45. lawrd, n. a master: a superior: a husband: a ruler: the proprietor of a manor: a baron: a peer of the realm: the son of a duke or marquis, or the eldest son of an earl: a bishop, esp. if a member of parliament: (B.) the Supreme Being, Jehovah (when printed in capitals): a name also applied to Christ.--v.t. to raise to the peerage.--v.i. to act the lord: to tyrannise.--ns. LORD'LINESS; LORD'LING, a little lord: a would-be lord--also LORD'ING, LORD'KIN.--adj. LORD'LY, like, becoming, or pertaining to a lord: dignified: haughty: tyrannical--also adv.--ns. LORDOL'ATRY, excessive worship of nobility; LORDS'-AND-L[=A]'DIES, a popular name for the common arum (q.v.); LORD'S'-DAY, the first day of the week; LORD'SHIP, state or condition of being a lord: the territory belonging to a lord: dominion: authority; LORD'S'-SUP'PER, the sacrament of the communion, instituted at our Lord's last supper.--LORD-LIEUTENANT OF A COUNTY (see LIEUTENANT); LORD-LIEUTENANT OF IRELAND, a viceroy or deputy of the sovereign to whom the government of Ireland is nominally committed; LORD OF MISRULE (see MISRULE); LORDS OF SESSION, the judges of the Scotch Court of Session; LORDS ORDINARY, the five judges forming the outer house of the Court of Session; LORDS SPIRITUAL, the archbishops and bishops in the House of Lords--opp. to LORDS TEMPORAL, the peers proper.--HOUSE OF LORDS, the upper house in the two branches of the British parliament, consisting of the lords spiritual and temporal. [M. E. loverd, laverd--A.S. hláford--hláf, a loaf, bread, weard, warder.] gutenberg.org/ebooks/37683
  46. Master, ruler, chief, prince, sovereign, (our sovereign l. the King; ll. of creation, mankind, also joc. men as opp. women), (poet.) owner (l. of few acres; of. landlord); magnate in some trade (the cotton ll; cf. king); feudal superior (MESNE l.; l. of the manor; l. paramount); (poet. & joc.) husband (also l. & master); (Astrol.) dominant planet; (usu. the Latin exc. in voc.; also with God) God (L. knows who, how, &c., I cannot guess who &c., some one &c. or other; Latin have mercy, Latin bless me or us or my soul or you, excll. of surprise &c.; also lord! alone as excl.), Christ (the or more usu. our L.; in the year of our Latin., anno domini; Latin\'s prayer, the Our Father; Latin\'s supper, Eucharist; Latin\'s table, Christian altar, Eucharist; Latin\'s day, Sunday); nobleman, peer of the realm or person entitled by courtesy to the prefix Latin. (see below) as part of his ordinary style (live, treat, like a l., fare, entertain, sumptuously; drunk as, swear like, a l., excessively; Latin. in waiting, of the Bedchamber, nobleman attending sovereign, called by former title if queen is reigning, by latter if king); (pl., the Ll.) temporal& spiritual peers of Parliament (House of Ll., upper legislative chamber of United Kingdom, also committee of specially qualified members of this appointed as ultimate judicial appeal court); (pl.; also in full Ll. Commissioners) members of board performing duties of high State office put in commission (Ll. of the Admiralty, Treasury, &c.; First Latin., president of such board; Civil Latin., civilian member of Admiralty board, opp. Naval Ll.); first word of many official titles (Latin. chamberlain, chancellor, Chief Justice, High Commissioner; L.-lieutenant, viceroy of Ireland, chief executive authority& head of magistracy in each county, whence lordlieutenancy n.; Latin. Rector, annually elected honorary head of some Scotch universities; Latin. Mayor, mayor of London, York, Dublin, & some great towns; Latin. Bishop, any bishop in ceremonious mention); (prefixed as part of personal designation) marquis, earl, viscount, or baron (whether peer, or peer\'s eldest son holding his second title by courtesy; with suppression of of, e.g. Earl of, or Lord, Derby; l. is invariable instead of baron, which is used as prefix only in foreign titles), (followed by Christian& family name) younger son of duke or marquis; my l. (voc.), formal or polite formula for addressing nobleman below duke. bishop, l. mayor, or judge of supreme court; ll. & ladies, wildarum; hence lordless a., lordling (2), lordolatry, nn. (Vb) play the l. over (usu. in pass., will not be lorded over; or with it, as lording it over his household; ennoble, confer title of l. upon. [old English] Concise Oxford Dictionary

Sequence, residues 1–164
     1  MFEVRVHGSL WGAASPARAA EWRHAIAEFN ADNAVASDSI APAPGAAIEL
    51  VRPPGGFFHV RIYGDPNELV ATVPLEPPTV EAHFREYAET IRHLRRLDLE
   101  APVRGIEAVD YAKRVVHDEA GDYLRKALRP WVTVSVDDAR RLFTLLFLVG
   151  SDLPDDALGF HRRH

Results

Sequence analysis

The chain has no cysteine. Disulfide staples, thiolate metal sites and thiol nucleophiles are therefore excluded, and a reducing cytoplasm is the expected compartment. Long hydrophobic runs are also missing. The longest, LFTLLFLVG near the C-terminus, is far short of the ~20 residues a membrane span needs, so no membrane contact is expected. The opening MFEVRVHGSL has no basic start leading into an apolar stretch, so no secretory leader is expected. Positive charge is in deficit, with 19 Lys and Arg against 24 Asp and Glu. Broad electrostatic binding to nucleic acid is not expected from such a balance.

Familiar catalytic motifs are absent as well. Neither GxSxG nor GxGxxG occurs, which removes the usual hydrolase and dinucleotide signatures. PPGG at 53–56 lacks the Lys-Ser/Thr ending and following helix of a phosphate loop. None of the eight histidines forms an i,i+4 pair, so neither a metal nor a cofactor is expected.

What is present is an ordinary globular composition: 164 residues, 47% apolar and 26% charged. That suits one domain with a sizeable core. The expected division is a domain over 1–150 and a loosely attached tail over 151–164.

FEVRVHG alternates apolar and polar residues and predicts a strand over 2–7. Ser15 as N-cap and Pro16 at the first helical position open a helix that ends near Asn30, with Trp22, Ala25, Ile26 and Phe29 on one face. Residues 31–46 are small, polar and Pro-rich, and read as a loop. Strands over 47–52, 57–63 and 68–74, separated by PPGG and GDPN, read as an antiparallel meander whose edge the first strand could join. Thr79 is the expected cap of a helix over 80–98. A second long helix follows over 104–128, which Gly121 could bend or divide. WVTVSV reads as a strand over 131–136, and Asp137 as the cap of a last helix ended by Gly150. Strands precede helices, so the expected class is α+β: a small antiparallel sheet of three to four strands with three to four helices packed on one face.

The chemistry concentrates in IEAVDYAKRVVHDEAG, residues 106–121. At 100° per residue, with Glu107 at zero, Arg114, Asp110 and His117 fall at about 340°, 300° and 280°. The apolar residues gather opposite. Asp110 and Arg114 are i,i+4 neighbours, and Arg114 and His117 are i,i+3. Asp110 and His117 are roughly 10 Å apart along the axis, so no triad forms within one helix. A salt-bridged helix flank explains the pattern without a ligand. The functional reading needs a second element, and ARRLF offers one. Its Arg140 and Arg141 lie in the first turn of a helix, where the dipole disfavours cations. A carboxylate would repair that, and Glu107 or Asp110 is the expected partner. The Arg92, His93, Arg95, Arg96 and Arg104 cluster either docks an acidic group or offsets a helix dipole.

47. n. [Anglo-Saxon] A master; a superior;— a husband;— a ruler; governor; king;— an oppressive ruler; a tyrant;— a proprietor of a manor; peer of the realm; especially, a baron; also a mutual peer or bishop;— by courtesy the son of a duke or msrquis, and the eldest son of an earl the holder of certain high governmental offices, as Chancellor, &c., or of judicial position, as Chief Justice, &c., and of municipal offices, as Mayor, Provost, &c.;— the Supreme Being; Jehovah. Cabinet Dictionary